9. 1. Long time customers are comfortable with the old menu and generally don't want changes. That is a fact.

    2. When you cook fresh, the costs do go up compared to cooking frozen and canned. That cost is passed to the customers. How often do you go to a store and fresh veggies have gone up, or meats, ect.

    3. In most cases portions at places in trouble are too much. So any reduction in portion size will seem to be a slap in the face to those that eat there for dinner and take home their lunch for next day or two.

    4. You want uncut reality? just look at last season's Survivor. They showed a clip that was uncut and It Was Boring. No one would want to watch a show that is uncut. Yes you will have some good moments but you will have 10x the amount that is just boring.

    5, Is there things that are "Faked" or "Staged" of course there is, but again if there wasn't then it would be boring as well. Its the overall changes that matters, not just how you got there.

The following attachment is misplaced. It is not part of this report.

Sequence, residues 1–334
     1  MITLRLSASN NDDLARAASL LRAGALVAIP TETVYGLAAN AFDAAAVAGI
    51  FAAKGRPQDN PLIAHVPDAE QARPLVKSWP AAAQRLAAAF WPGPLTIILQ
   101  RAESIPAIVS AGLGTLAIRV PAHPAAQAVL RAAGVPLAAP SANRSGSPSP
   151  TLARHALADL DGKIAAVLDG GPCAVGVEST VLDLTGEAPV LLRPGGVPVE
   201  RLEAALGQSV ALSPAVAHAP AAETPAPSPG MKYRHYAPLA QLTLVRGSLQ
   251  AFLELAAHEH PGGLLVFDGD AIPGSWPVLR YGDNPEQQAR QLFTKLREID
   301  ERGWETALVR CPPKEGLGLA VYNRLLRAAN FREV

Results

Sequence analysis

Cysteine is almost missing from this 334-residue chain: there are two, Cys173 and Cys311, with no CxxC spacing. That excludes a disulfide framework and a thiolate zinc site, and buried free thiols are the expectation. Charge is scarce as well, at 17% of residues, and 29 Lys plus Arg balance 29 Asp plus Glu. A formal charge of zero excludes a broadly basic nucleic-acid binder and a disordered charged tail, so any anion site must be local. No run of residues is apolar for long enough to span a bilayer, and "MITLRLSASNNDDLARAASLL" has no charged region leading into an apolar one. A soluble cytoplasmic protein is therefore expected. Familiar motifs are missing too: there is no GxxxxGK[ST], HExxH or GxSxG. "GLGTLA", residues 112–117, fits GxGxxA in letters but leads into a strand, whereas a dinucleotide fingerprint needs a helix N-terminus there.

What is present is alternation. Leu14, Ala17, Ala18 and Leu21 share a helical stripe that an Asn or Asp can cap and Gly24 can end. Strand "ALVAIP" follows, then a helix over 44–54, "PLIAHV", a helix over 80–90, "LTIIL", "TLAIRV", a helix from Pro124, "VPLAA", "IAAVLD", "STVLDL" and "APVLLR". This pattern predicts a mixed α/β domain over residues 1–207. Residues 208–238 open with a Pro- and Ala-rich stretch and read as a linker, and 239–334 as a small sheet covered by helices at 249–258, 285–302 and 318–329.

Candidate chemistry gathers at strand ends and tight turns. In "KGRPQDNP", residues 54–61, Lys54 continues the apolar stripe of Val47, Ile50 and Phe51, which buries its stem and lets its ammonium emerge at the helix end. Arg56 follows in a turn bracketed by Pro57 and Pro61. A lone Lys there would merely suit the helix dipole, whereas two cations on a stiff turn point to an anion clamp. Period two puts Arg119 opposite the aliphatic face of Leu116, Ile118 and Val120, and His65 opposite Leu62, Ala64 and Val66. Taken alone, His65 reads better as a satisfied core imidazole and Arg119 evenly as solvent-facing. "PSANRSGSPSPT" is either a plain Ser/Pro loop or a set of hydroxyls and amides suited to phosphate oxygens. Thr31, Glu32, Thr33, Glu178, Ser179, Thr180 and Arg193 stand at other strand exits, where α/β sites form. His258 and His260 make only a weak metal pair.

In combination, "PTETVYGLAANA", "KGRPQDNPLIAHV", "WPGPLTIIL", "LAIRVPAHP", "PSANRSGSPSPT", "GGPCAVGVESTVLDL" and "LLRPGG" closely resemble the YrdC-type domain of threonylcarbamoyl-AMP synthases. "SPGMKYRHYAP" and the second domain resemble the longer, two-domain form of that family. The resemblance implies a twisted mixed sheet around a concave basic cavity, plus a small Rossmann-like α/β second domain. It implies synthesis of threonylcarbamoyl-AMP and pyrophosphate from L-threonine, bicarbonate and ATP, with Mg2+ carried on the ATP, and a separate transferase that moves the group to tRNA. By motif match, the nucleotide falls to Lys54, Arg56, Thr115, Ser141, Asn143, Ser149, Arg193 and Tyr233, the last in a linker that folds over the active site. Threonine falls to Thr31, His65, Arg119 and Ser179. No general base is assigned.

6. Look at all these shows, including Kitchen Nightmares, Bar Rescue, ect., The places that stayed with the changes (in general) are still open, even couple that changed back is still barely open. Those that went back to their old ways are in general, closed.

    7. Menu's in use for years don't account for the businesses cost increases. How many would be upset if the menu remains the same except the prices are increased. Every long term customer who don't want changes will complain.

    In conclusion, Ramsey and the others that try to help peoples businesses, are really trying to help. Not everyone is going to agree with the changes or even accept them. You will lose some regular customers who don't want any changes, wont be happy but the new customers will be. Costs increases for businesses just as they do for people buying for their own use at home.